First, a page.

Bengalis have been massacred and the amount of defamation they have undergone surpasses that of any other group in the world. The US and the UK have also had their hand in quashing Bangladesh from its birth (due to the Cold war era). The Nellie Massacre of 1983 reflects the process of the past 67 years. The process of destroying Bengalis and pushing them all to live in Bangladesh. Bengalis belong in Assam, Manipur, Meghalaya, Arunachal Pradesh, Nagaland, Sikkim, Bhutan, Mizoram and Arakan state. That is their home.

      We need our justice form 1971. UN and the every country in the world must recognise the Bangladesh genocide (despite it not being the suffering of an “important” people a.k.a Jews, Cambodians, Rwandans). Pakistan must recognise it,. Then they must wholeheartedly apologise. We must get all our pre 1971 assets from pakistan and all that was stolen by India. Finally, the local Bengali collaborator criminals must face justice but more importantly the actual Pakistani war criminals who have grown old and fat in Punjab need to face their punishment (the ones that are still around). 43 years wait for those 250’000 women who were raped while the world stood and watched.

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      • Imran I respect your point of view, and so allow your comment here, but I have issues with your interpretation of events.
        I’m not sure where you found the reference to India as the ‘mother of Bangladesh’ – it’s not on this post – but as Bengal separated from India in 1947 it is not an unfair term to use. The metaphor is apt.
        The history books don’t agree with you that Bangladesh was going to win the 1971 war anyway. They say the very opposite. At the very least, India’s intervention brought the war to an end much sooner than it would have otherwise and arguable saved a large number of lives in doing so. It shouldn’t be forgotten either that India sheltered huge numbers of Bangladeshis fleeing the country. I don’t pretend that India’s role was perfect nor that its relationship with Bangladesh is untarnished but India is certainly not the bad guy here.
        Moreover, referring to India as ‘imperialist’ is laughable. India is demonstrably one country which has never sought to conquer another country in its entire history. Undoubtedly India did not enter into the 1971 war for entirely ‘humanitarian’ reasons – but then no country ever has. Not even America entered WWII for humanitarian reasons – countries don’t get involved unless they have good reason to. Nevertheless, to suggest India wants to destabilize Bangladesh is pure nonsense with no evidence to back this assertion.
        Most worrying is the tone of your rhetoric which smacks of communalism through and through. For as long as Bangladeshis insist on having a ‘them and us’ mentality which you clearly demonstrate here, they will continue to suffer the pains of exactly the issues this post was all about.
        I do agree with you that the perpetrators of war crimes should be punished but I do not believe Bangladesh can continue to live in the past and your comments here are simply the kind which fuel fires of hatred rather than build the bridges the country so desperately needs.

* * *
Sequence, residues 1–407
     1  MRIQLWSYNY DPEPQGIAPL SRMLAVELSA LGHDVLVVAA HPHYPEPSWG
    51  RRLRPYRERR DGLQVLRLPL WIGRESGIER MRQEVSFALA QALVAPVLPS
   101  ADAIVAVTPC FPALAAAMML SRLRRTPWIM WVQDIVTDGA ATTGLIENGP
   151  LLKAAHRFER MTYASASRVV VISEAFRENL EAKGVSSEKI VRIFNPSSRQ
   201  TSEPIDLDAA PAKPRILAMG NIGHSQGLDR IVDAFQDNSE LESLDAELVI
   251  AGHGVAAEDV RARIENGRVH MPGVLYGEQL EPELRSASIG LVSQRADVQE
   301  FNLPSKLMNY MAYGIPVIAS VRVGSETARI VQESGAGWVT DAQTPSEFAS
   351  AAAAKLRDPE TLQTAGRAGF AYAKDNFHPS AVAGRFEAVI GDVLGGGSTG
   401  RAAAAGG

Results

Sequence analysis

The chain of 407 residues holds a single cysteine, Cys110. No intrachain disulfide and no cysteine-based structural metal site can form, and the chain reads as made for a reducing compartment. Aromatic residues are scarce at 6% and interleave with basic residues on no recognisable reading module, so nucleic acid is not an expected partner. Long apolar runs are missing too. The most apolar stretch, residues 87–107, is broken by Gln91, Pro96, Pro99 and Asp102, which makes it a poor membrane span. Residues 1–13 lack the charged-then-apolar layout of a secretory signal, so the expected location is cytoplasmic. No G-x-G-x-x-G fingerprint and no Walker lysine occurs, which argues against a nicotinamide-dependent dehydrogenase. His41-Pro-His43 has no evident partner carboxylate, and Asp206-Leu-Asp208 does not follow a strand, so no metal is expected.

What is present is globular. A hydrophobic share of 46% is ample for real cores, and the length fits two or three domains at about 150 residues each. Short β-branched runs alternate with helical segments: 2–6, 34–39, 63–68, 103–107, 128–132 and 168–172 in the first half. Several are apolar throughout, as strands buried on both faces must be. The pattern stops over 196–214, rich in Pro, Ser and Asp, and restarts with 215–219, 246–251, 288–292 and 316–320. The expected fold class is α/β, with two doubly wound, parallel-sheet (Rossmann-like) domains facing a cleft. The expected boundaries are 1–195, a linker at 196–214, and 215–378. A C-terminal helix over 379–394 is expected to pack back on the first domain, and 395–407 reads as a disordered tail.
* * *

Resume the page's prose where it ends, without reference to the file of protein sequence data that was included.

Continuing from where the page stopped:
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  2. Ruth Subash says:

    I cannot believe this is not in international media. Really shocked by this. Also is shocking that is not in the press is the Tamil struggle for creation of Tamil Eelam and justice for war crimes in Sri Lanka. Shocking things are happening in this world and it is thanks to the inherent and Facebook we are aware of these issues. Hope life in Bangladesh improves.

    Like

    • I think the Western world has yet to realise that most of the world actually lives in Asia and that what happens in Indonesia, India, Bangladesh and Pakistan (just to name the ones neighbouring me) which are four of the largest populations in the world (and all much much bigger than the UK) is just as important as what happens in America, Uk or France…

      Like

  3. I was in India for a week not so long ago, and in all fairness the media reporting of these issues in Bangladesh was very limited. There was more about IPL (Indian Premier League) in the news compared with Bangladesh.

    Like

  4. Rinth says:

    Thank you for yet another excellent update, Ken. My dad mentioned something about a three day long hartal coming up :?? Things are looking scarier than I expected.

    Like

    • It’s an odd situation Rinth – as you know, Bangladesh history and politics is never simple! On the one hand it sounds awful and it certainly does make us a little nervous. On the other other hand, life goes on, traffic is flowing, people are working and so on.

      I would still be happy to have someone visit here and feel safe for them to do so but they wouldn’t be able to travel around and see the sights – especially in Dhaka! It would be Gulshan and Banani only!

      As for the Hartals…there’s so many; some local, some national, it is difficult to tell…it’s all very silly really.

      Like